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Even before tenant organizers and housing officials began warily eyeing Frank Palazzolo’s real estate operation, a different investigation was already wrapping up. In March 2002, two landlords operating out of Palazzolo’s Westchester headquarters pleaded guilty to criminal charges stemming from a scheme to pad rent rolls with emergency welfare payments intended to benefit their tenants.

One of the landlords was Eric Gladstein, who until early 2002 was an owner of 3569 DeKalb Avenue, where 8-year-old Jashawn Parker died later that year. The other was a woman named Deborah Pollock, who admitted to orchestrating an elaborate scam that funneled extra cash into owners’ coffers.

The funds were awarded to the landlords for an ostensibly worthy cause: Under a rent supplement program known as Jiggetts, for a 1988 legal case that claimed the low rent subsidies paid to welfare recipients were fueling the rise in homelessness, owners were given increased payments—often as much as double the existing rent—for tenants facing eviction.

In the scam version, however, landlords filed bogus eviction notices, which were then expedited by Pollock, who ran a nonprofit organization with a presence in Bronx Housing Court.

Pollock was well-poised to pull this off. She had close ties to top officials at the city’s Human Resources Administration, which oversees welfare programs. She was also 50 percent owner of two run-down Bronx apartment houses managed from Palazzolo’s Westchester offices and owned under the name of Palazzolo Management Corp.

Pollock and Gladstein’s roles were explained in a little-noticed 23-page report issued in April 2002 by the state’s welfare inspector general titled “Defrauding HRA.” Investigators, the report stated, identified 69 fraudulent Jiggetts applications submitted by Pollock on behalf of Gladstein and other landlords dubbed by investigators as the Palazzolo Group because they shared office space at the Westchester headquarters. All told, the landlords collected more than $11.3 million in the rent supplement money, even though their buildings were “replete with poor and unsafe conditions,” the report stated.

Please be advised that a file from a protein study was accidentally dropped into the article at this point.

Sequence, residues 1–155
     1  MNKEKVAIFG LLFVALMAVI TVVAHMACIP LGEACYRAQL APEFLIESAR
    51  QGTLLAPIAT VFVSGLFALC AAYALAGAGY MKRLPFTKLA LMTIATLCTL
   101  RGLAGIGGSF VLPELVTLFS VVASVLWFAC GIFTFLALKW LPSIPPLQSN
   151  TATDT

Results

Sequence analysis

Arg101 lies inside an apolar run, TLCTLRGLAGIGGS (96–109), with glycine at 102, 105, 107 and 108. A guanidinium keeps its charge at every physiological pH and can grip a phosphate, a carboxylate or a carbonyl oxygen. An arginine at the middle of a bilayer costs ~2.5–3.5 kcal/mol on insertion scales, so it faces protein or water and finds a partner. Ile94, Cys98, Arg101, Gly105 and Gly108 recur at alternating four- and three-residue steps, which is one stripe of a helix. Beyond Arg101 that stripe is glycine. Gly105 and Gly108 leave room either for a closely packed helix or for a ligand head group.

The scheme, investigators wrote, made tenants “pawns of landlords,” who moved them into the Jiggetts program only in order to hike rents collected from the city. At the same time, the owners faced some 15,700 city housing code violations in at least 59 buildings where the scheme was employed, according to the inspector general’s tally. Meanwhile, tenants “were denied their day in court,” the report stated, since they never got the chance to argue “that their landlords should make needed repairs before Jiggetts increases were paid.”

But like the rest of those who tried to untangle exactly how things worked inside Palazzolo’s headquarters, the investigators came up short.

When they attempted to interview Frank Palazzolo about his business dealings, they wrote, “he declined to answer our questions.” Current state welfare inspector general Sean Courtney, who authored the report and helped direct the prosecution of Pollock and Gladstein, told us that Palazzolo was polite but silent.

“We made an attempt to depose him,” Courtney said. “He asserted his Fifth Amendment rights and refused to answer questions.”

State attorney general Eliot Spitzer, whose office helped press the criminal case at the time, called the scheme “as cynical a crime as you can possibly imagine.” But neither Pollock nor Gladstein received jail time. Pollock was sentenced to a three-year conditional discharge plus 1,000 hours of community service and $100,000 in restitution. Gladstein was ordered to pay $40,851.

A few years later, however, New York City’s corporation counsel brought civil racketeering charges against Gladstein and Pollock, arguing that their fraud had shortchanged the city. In March 2006, they were found liable and ordered to pay $215,000 in damages. Court records show they anted up as ordered. It didn’t put any obvious dent in Gladstein’s lifestyle, however. Reporters found him walking outside his massive home in Armonk protected by large iron gates. He declined to discuss anything about his real estate practice with us. Pollock, who later moved out of the city, couldn’t be reached.